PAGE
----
COVID-19's orphans - pandemic's hidden toll

Chia sẻ
(VOVWORLD) - In Ho Chi Minh City alone, more than 1,500 students attending local schools have lost their parents in the past few months. The figure is undoubtedly much higher if you include children not in the education system and children in other provinces and cities. Those children will need special long-term care, both physical and psychological, to ensure their mental health and emotional development.
Vo Nguyen Tien Dinh, 16, of Tan Phu ward, Thu Duc city, couldn’t believe his mother had died from COVID-19. His 62-year-old father suffered a stroke five years ago and has lifelong disabilities. Dinh, the second of four children, is very worried about his family’s finances, now that his mother has passed away.
"I know it’s hard, but I want to go to school. My youngest brother is just 11, and we’re frightened to think about losing both parents. I'm upset because I can't do much for my family," said Dinh.

Tran Khoa Dang Truong, 10, lives in Binh Tan district, Ho Chi Minh City. His father and mother both died of COVID-19 within a month, so financial responsibility now falls to his oldest sister, Tran Thi Ngoc Tuyen, who recently graduated from high school but has yet to find a stable job. Truong tells himself that he must study his best to meet his late parents' expectations.

“I want to go to university. I'll study hard to achieve that goal. No one in my family has attended university, so my parents would be happy if they knew I did,” Truong said.

COVID-19 took away the parents of several babies before they were even named.

During the height of the pandemic, Tu Du hospital received more than 1,200 pregnant women, and 50 of them died of COVID-19. The hospital has taken excellent care of the children who have lost their mothers, whose mothers are infected with COVID-19, or whose families are in quarantine.

Hung Vuong hospital in HCM City established a center for newborn babies whose mothers are infected with, or have died from, the coronavirus.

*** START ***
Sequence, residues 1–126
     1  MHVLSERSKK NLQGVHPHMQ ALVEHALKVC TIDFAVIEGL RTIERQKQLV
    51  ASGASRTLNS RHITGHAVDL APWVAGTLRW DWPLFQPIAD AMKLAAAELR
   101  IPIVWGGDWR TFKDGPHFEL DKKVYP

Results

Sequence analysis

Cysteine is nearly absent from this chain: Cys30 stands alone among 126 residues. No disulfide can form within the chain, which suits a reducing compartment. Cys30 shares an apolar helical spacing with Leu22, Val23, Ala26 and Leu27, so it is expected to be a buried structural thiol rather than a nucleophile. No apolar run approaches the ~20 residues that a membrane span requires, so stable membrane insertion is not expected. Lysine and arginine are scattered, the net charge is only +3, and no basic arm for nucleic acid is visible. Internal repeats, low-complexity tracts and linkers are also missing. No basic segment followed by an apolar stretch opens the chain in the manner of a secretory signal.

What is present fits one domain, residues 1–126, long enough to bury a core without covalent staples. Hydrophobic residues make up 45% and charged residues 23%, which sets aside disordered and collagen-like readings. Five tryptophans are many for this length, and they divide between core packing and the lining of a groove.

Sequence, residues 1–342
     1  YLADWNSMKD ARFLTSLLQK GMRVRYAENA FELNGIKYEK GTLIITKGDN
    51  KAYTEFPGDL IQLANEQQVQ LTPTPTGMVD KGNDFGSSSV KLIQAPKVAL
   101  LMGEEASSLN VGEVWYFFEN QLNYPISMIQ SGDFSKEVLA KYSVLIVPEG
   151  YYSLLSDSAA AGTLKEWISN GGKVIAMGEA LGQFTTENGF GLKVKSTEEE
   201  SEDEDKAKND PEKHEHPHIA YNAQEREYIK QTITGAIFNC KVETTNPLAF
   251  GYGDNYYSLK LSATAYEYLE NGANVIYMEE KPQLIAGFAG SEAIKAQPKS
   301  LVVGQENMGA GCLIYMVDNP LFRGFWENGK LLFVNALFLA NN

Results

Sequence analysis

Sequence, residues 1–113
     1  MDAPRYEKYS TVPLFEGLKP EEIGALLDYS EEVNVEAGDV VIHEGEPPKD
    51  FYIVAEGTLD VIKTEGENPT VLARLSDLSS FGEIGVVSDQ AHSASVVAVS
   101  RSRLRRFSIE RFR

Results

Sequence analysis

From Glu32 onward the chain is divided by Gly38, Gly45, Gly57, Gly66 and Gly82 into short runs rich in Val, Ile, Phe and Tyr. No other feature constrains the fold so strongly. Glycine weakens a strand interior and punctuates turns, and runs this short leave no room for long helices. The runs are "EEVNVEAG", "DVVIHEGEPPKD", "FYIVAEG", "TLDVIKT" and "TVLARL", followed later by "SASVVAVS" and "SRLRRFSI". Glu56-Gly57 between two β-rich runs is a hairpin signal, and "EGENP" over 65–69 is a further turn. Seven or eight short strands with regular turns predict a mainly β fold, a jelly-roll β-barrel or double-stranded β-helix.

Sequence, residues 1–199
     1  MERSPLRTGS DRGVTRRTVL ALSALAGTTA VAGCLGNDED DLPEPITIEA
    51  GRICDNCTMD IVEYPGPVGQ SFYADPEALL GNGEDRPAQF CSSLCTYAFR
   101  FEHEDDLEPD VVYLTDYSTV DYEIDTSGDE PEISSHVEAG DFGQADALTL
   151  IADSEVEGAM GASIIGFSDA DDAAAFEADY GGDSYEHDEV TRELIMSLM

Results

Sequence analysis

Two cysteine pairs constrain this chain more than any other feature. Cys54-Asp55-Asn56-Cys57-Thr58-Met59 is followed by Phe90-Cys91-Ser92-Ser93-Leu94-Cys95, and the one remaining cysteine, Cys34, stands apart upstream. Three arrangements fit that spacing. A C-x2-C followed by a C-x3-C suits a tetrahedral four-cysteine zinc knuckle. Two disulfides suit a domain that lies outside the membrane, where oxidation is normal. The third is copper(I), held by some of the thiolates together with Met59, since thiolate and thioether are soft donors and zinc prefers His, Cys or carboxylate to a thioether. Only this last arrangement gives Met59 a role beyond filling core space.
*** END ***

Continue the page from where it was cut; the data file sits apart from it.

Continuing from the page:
“We have established the HOPE center to take care of babies whose mothers are infected with COVID-19. We got support from the Ho Chi Minh City Women's Union in training volunteers to care for newborn babies whose families are unable to take them due to the COVID-19 pandemic. Some of the mothers are critically ill and don’t know if they’ll make it,” said Associate Professor Dr. Hoang Thi Diem Tuyet, the Director of Hung Vuong Hospital.

COVID-19's orphans - pandemic's hidden toll - ảnh 1To Thi Bich Chau, President of the Fatherland Front Committee of HCM city visits and presents gifts to COVID-19's orphans. (Photo: VOV)

Support for children orphaned by COVID-19 is not a short-term issue. It needs a long-term policy. Ms. To Thi Bich Chau, President of the Fatherland Front Committee of HCMC, said the city has designed a long-term plan to make sure these children receive the best possible care until they reach adulthood.

“This Covid-19 wave is superfast and unpredictable. The number of orphans who have no one left to care for them is high. We need to keep track of these  children and each one’s personal situation so we can provide timely support. We will extend our support to the wider community to ensure those children receive the support they need to develop to their full potential,” Chau said.

According to the municipal Department of Education and Training, during the 4th pandemic wave, Ho Chi Minh city had more than 10,000 children infected with COVID-19, the most in the country. The Women's Union, in collaboration with the Youth Union and the Fatherland Front, mobilized organizations, businesses, and individuals to provide children with long-term support, including education and modelled care tailored to each child’s unique circumstances.